End Brainwashing, Not Information (Caroline Lawrence)

“End Piracy, Not Liberty,” proclaims the glowing screen in front of you.  You had only wanted to search for a homework question, but the black bar over the Google logo intrigued you.  Clicking on it took you to https://www.google.com/landing/takeaction/, adorned with patriotically red, white, and blue figures yelling into a megaphone.  The text above this picture warns that the Protect IP Act (PIPA) and Stop Online Piracy Act (SOPA), bills appearing before Congress that day, will “impose harmful regulations on American business” and “cripple our innovation economy.”  What?!  The rage starts to bubble as you learn that “55 of America’s most successful venture capitalists” and 67 major businesses are against the bills.  Congress can’t do this to us! you fume, indignant.  Quickly, you click on the link that allows you to “thank Congress for defending the Internet” and add your name to the growing number of protectors of American liberty who have fallen into the same trap.

PIPA and SOPA were drawn up to counter the problems of Internet counterfeiting and piracy by setting definitions of – and punishments for- online theft.  When they appeared before Congress on Wednesday, January 18, the Web went wild.  In addition to Google’s dramatic online petition, Wikipedia staged a blackout- the Internet form of a sit-down strike- in which all links were redirected to a stark black screen that implored users to “Imagine a World Without Free Knowledge.”  Craigslist, Mozilla Firefox, Wired, WordPress, and PerezHilton.com were among the many other popular sites that joined in the protest.  Congress was all but forced to delay voting because of all the opposition from the American people.  However, the citizens who so feared being cheated out of their Internet were actually cheated out of something much more important.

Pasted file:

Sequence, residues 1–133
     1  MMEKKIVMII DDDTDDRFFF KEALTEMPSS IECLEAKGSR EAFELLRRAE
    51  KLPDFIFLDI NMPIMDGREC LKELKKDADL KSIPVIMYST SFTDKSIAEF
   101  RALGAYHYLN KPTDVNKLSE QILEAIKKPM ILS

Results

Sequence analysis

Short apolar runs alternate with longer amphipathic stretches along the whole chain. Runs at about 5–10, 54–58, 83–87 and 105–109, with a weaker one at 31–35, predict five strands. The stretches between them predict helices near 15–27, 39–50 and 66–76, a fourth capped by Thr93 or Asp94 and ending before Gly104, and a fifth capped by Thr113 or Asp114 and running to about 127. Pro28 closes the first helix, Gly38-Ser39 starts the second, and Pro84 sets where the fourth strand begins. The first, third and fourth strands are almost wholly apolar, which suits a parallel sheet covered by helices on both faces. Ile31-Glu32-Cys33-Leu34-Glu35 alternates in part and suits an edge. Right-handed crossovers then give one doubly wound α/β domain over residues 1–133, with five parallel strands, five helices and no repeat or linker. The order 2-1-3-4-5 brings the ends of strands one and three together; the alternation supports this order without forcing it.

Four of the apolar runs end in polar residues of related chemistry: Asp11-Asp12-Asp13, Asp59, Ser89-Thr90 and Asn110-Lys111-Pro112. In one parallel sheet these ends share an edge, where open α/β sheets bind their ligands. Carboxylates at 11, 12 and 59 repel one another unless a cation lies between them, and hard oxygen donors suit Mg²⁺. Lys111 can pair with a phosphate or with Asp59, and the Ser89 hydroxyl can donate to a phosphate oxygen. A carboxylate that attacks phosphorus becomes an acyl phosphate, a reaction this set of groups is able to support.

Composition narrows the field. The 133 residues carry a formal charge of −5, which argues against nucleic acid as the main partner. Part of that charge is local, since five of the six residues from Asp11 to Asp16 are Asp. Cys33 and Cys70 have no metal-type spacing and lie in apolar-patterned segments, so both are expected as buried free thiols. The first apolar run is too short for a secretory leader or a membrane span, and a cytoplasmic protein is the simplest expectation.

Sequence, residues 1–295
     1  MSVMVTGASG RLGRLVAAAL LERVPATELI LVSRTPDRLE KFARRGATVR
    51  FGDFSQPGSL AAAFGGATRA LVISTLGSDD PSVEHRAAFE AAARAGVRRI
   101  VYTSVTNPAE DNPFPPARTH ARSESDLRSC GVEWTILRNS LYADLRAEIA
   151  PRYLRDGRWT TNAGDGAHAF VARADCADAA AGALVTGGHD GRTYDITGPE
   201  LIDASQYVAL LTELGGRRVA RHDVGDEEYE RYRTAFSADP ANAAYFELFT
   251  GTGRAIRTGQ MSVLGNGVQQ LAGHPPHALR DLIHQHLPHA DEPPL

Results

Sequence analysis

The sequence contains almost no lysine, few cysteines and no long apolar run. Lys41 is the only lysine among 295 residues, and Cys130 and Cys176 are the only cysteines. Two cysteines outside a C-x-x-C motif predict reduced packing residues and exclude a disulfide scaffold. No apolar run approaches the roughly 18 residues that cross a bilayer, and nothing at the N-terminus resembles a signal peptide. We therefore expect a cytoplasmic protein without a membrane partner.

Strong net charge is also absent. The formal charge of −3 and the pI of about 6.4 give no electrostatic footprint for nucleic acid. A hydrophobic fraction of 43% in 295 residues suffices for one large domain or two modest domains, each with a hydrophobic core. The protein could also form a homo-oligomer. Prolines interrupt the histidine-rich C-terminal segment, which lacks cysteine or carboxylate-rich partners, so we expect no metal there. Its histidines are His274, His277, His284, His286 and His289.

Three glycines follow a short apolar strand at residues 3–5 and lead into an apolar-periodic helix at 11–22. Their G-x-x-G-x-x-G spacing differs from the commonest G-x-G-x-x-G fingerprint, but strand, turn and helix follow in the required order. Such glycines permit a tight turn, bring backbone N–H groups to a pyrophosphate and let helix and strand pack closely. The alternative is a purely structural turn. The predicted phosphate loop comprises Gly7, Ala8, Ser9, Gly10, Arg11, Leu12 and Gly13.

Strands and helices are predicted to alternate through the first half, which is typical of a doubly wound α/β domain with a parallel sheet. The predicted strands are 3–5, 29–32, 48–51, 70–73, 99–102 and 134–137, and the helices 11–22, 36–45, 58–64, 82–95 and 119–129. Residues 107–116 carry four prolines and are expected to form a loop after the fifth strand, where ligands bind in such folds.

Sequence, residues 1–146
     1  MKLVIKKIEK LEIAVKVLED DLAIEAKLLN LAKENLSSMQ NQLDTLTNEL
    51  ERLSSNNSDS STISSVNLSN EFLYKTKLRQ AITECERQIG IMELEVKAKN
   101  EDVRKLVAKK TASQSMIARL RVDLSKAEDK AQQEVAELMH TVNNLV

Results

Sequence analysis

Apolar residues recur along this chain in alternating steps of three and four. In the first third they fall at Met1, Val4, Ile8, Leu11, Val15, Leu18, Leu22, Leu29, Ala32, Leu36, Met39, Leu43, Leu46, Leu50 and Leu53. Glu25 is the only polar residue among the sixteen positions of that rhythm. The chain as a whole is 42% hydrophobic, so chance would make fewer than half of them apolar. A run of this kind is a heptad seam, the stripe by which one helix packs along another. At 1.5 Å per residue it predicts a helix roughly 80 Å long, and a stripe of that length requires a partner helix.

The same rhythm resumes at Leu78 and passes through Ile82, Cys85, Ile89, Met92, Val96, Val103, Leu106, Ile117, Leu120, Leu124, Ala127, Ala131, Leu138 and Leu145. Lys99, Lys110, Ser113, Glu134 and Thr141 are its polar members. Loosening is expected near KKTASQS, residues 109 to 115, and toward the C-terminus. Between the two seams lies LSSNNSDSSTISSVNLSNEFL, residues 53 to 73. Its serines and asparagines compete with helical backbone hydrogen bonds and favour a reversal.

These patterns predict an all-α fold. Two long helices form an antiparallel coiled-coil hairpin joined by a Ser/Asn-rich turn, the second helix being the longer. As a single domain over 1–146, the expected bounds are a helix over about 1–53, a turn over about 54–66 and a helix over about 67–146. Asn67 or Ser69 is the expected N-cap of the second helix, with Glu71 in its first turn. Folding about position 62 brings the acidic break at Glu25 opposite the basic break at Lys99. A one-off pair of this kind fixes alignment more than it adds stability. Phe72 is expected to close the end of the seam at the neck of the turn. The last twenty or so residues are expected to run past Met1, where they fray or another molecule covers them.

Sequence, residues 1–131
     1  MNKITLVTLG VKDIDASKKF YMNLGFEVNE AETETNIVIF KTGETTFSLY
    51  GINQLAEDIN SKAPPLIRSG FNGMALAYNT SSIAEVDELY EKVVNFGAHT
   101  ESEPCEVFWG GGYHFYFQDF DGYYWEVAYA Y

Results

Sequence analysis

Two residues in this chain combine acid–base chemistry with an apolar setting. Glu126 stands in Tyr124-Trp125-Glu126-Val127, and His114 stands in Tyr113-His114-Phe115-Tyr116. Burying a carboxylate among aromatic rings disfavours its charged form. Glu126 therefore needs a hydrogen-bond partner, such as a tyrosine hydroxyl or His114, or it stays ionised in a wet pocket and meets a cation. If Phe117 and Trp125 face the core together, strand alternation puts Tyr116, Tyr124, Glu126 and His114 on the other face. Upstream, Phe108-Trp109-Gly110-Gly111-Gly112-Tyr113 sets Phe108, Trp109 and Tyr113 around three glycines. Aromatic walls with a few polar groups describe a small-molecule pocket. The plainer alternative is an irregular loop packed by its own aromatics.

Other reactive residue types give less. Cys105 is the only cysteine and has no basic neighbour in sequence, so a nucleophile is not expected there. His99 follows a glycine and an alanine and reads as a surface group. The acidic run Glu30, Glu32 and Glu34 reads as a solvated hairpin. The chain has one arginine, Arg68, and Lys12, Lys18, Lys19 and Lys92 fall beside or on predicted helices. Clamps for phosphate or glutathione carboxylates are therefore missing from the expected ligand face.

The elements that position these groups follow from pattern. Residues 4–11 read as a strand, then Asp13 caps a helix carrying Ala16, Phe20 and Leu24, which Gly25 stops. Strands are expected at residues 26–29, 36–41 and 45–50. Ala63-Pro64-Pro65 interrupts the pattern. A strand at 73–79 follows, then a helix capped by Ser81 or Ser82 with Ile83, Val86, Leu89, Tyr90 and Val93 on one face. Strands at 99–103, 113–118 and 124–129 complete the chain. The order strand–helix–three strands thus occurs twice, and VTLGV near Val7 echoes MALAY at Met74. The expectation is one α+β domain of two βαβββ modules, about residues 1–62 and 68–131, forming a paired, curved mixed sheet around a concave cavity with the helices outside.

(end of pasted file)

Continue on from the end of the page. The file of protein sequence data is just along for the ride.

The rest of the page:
Most Americans in this age are more aware of what media giants like Google and Wikipedia are doing than Congress. It’s doubtful that any significant percentage of the more than 7 million people who signed Google’s petition actually looked up the bills on Congress’s website.  If we want information, we turn to Google.  Or to Wikipedia.  Or, sometimes, even to PerezHilton.com.  And regardless of whether PIPA and SOPA would be good for our country, we deserve the right to unbiased information- or, at the very least, two sides of an argument- before making a decision.  That definitely did not happen on January 18, when all the resources we trust were telling us to oppose the bills.

The American democracy is founded on equality and the chance for everyone to express their opinions.  But this right is slashed in half when people can only base their opinions on one-sided propaganda that is passed off as pure information.  America has placed our trust in the Internet, and while we were trying to defend it on January 18, it double-crossed us.